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Swimming is the most technique-focused of the triathlon disciplines, and it’s also the most etiquette-driven. We asked 2008 70.3 world champion and 2000 Olympian Joanna Zeiger, now a triathlon coach in Boulder, Colo., and resident swim expert Sara McLarty to weigh in on ways to handle matters of decorum that may arise in group swimming.
How many seconds should you leave after the person in front of you?
Joanna: It depends on the number of people in the lane. If it’s not crowded, go 10 seconds apart. This takes away the manic feeling in the lane, and the person going first doesn’t feel they’re doing all the work. If the lane is crowded, go five seconds apart. Once you have established the amount of time, try not to leave early! And, do not swim right on somebody’s feet unless they tell you it is OK.
Sara: The standard is five seconds. If the pool is long course, 10 seconds is acceptable. This is especially important if the coach is reading off times. Leaving early or late will not allow the coach to give you the correct time.
If you are repeatedly catching the person in front of you during a set, what should you do?
Joanna: Tell them they suck and they need to move to the back. Or, be nice and gently tell them you would like to move ahead.
Sara: If the set contains long intervals (400s, 500s) try to pass the swimmer during the interval. Don’t let your workout suffer by slowing down to wait. Gently tap the swimmer’s foot as you start to pass on their left side. If the set has short intervals, (50s, 100s) ask them to switch positions while resting on the wall.
If everyone in the lane is about the same pace, what is the protocol for determining the leader?
Sara: Talk to your lane mates after the coach has given the set and determine who should go first. The person who is a strong kicker should lead the kick set while a strong puller should lead the pulling set.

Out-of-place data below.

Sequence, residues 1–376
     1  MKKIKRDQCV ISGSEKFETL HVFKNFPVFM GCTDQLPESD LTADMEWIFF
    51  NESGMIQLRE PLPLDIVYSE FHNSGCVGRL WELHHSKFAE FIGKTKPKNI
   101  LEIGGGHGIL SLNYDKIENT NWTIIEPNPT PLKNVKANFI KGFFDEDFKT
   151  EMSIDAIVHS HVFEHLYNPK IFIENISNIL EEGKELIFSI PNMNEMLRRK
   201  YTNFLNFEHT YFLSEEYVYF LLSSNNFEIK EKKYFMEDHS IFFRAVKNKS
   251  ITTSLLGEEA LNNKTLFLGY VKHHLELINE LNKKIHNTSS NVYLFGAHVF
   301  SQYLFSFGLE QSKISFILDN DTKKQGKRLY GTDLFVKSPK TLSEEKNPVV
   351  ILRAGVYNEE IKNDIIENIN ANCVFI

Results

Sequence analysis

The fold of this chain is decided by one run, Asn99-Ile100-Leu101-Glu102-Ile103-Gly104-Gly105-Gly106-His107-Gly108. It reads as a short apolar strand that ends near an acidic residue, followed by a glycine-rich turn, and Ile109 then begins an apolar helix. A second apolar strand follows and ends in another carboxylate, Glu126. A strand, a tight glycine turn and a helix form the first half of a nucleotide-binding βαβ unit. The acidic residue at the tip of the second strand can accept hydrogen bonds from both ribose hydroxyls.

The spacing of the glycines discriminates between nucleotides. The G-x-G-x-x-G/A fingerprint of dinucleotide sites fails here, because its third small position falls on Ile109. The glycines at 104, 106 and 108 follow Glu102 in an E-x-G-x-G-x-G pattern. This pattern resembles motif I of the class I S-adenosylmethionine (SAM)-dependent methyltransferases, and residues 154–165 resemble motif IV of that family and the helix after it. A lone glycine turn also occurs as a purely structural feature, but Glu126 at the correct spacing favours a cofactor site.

Joanna: I agree. If nobody wants the task, then split up the leading responsibility throughout the workout.
Is it ever acceptable to arrive late or leave practice early?
Joanna: Uh, no. It’s so rude. Would you show up late for a business meeting?
Sara: As a coach, I’ve learned to understand that everyone has a life outside the pool that takes precedence. I’m just happy that they made the extra effort to squeeze in a little swimming during a busy day.
Do you tell a lane mate his or her suit is becoming a little worn (read: see-through)?
Sara: Ladies, make sure you tell the other gals if their suits are showing more than they should—you’d want them to do the same for you!
Joanna: For sure. I am always on crack patrol, whether it is a too-thin suit, bike shorts or a tri kit.
Is it OK to move to a faster lane for small parts of a Masters workout to challenge yourself?
Joanna: No. If you want to challenge yourself, lead your lane or move up at the start of the workout.
Sara: Yes, but alert the people in the lane you are moving into. If the set suits your strengths, take on the challenge of swimming a faster interval. On the other hand, moving into a slower lane doesn’t automatically mean you get to lead; be respectful of your training partners.
Triathlete Final Thoughts: If you’re swimming in a group, you have to play by some of the unspoken rules—no one likes a late, lazy, clueless lane mate.